It is not often these days one is moved by a TV program, but I found the two part Channel 4 DocuDrama Britz, written and directed by Peter Kosminsky an unusually perceptive piece of work, especially the second part. The program centered on two young Bradford born Muslim siblings as they make their way in the wider world. Like many from the Indian sub continent who came to the UK, their parents came from Pakistan to work in the Textile Mills and Factories of the north of England, settling in Bradford. They worked all hours building what they came to regard as a reasonably successful life in their new homeland, hoping their children would do even better by studying hard.
The first part of Britz followed the brother Sohail, [Riz Ahmed] a clever, articulate young man who sees little point in pushing against the UK’s established norms, he is British to the core, prejudices and all. When after 9/11 the British Security Services come calling at his university to recruit bright young British muslim, he accepts their offer enthusiastically. Despite the incompetence and prejudice he comes up against within the security services and police he is not the type to have self doubt, he had made his bed and he intended it to become as comfortable as he could make it.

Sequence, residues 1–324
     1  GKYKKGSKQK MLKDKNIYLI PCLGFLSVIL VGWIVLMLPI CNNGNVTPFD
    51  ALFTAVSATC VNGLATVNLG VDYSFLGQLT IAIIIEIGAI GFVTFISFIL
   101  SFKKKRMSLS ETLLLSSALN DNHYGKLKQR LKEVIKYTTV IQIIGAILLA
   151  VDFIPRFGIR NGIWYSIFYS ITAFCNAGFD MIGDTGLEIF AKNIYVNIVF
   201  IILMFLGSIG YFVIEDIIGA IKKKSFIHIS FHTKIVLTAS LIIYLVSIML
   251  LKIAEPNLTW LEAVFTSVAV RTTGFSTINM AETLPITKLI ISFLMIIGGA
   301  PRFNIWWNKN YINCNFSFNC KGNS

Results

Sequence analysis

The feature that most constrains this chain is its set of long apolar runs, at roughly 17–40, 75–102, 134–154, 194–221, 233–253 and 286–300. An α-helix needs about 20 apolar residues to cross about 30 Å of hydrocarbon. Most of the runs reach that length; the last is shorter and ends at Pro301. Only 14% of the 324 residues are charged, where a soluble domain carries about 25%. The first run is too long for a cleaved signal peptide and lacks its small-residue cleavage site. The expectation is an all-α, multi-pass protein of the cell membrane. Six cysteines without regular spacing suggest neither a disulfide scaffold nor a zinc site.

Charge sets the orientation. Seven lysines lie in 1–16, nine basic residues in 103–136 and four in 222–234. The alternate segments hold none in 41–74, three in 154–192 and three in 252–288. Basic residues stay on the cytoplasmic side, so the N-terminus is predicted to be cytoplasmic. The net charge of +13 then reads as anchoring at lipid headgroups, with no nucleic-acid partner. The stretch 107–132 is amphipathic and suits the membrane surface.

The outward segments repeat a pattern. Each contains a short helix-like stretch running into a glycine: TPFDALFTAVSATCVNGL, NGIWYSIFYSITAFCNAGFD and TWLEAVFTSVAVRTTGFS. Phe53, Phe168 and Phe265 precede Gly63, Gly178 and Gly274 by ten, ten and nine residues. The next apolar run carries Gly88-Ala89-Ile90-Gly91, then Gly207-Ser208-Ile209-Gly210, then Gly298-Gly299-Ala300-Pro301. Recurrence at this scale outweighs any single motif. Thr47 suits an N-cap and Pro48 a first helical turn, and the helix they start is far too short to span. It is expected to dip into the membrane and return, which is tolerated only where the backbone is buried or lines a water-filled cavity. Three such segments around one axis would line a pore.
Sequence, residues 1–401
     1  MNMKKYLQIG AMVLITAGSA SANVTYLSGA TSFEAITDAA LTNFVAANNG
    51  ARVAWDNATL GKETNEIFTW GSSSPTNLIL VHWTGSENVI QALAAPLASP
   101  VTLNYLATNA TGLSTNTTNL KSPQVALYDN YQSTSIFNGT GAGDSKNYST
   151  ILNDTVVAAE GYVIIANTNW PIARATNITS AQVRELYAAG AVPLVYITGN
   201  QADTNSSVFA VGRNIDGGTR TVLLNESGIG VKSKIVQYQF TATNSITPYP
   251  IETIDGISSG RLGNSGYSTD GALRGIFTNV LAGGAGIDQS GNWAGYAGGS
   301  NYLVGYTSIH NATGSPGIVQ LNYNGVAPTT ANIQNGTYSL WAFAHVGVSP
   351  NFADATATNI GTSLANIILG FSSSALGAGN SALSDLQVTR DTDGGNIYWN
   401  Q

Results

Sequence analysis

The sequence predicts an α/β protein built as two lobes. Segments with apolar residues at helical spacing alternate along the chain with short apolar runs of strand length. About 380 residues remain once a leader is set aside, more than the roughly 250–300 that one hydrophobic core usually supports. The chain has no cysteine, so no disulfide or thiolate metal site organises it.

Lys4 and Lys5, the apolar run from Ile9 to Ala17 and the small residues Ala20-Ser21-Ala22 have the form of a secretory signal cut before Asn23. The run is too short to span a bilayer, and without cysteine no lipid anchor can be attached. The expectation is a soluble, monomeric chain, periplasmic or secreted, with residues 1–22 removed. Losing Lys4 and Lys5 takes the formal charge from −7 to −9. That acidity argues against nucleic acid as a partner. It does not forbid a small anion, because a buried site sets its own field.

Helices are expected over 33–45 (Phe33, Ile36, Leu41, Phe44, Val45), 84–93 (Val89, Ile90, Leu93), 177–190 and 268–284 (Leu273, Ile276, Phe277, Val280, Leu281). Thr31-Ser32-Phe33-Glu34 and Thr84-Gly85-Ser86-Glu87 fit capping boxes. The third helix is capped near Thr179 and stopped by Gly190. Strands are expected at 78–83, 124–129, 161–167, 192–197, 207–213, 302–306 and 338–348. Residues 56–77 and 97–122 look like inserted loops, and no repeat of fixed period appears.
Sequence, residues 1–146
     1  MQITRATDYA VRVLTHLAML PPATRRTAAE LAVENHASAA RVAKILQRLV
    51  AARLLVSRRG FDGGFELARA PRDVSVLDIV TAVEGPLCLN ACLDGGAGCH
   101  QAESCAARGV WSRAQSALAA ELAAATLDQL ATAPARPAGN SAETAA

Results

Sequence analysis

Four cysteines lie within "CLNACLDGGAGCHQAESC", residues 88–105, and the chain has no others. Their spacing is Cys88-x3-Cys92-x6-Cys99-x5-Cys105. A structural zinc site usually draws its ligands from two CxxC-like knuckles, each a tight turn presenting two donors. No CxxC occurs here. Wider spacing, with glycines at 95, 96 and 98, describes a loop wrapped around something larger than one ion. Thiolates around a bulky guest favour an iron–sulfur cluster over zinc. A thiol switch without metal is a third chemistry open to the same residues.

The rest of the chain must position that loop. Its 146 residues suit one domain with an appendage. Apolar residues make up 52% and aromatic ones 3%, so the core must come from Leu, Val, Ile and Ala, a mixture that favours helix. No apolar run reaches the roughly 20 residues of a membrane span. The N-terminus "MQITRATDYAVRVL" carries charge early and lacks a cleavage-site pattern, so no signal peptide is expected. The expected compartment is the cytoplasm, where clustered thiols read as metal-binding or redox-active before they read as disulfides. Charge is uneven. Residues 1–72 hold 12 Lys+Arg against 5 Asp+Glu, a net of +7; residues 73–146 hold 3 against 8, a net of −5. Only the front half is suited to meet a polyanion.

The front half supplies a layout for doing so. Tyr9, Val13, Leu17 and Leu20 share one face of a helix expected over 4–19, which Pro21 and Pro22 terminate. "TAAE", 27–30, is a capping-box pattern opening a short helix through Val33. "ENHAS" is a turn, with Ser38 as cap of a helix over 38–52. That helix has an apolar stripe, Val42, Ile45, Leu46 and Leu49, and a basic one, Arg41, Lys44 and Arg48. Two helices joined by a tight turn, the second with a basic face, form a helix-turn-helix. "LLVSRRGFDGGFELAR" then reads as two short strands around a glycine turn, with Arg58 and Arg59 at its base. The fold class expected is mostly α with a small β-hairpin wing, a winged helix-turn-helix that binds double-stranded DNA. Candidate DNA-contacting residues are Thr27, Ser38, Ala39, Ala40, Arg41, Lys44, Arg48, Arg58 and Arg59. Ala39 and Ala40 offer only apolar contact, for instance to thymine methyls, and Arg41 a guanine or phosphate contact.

The UK security services, Special Branch and the police, perhaps a little unfairly are portrayed in the film as the incompetents we have come to accept after the WMD fiasco and the killing of Electrician Jean Charles de Menezes. What is new in this film is the portrayal of the way the police and security services have manipulated the new laws that have been placed on the statute book post 9/11. Control orders, curfews, tagging and anti social behavior legislation are all used by the State in a detrimental manner to intimidate Britain’s working class muslim communities and to control and defeat those who protest against the New Labour governments foreign policy. [Ah! the fools the fools the fools, have these people learnt nothing from recent Irish history]
Part Two moved from the big picture to focus on the momentous impact this reactionary and oppressive legislation has on a single young British Muslim woman, Nasima. I found the actor Manjinder Virk’s portrayal of Nasima both inspiring and heartbreaking; and so recognizable as once the scales were removed from her eyes she came to political activism in much the same way as previous generations of working class young people, although Nasima’s politics were not socialist and secular but based on religion.
We are first introduced to Nasima as a first year medical student, having done well at school she had the world at her feet, outside of the home she is almost unrecognizable from her fellow students no matter what their faith, inquisitive, funny, angry, combative and secretive as many young women tend to be, especially with their parents.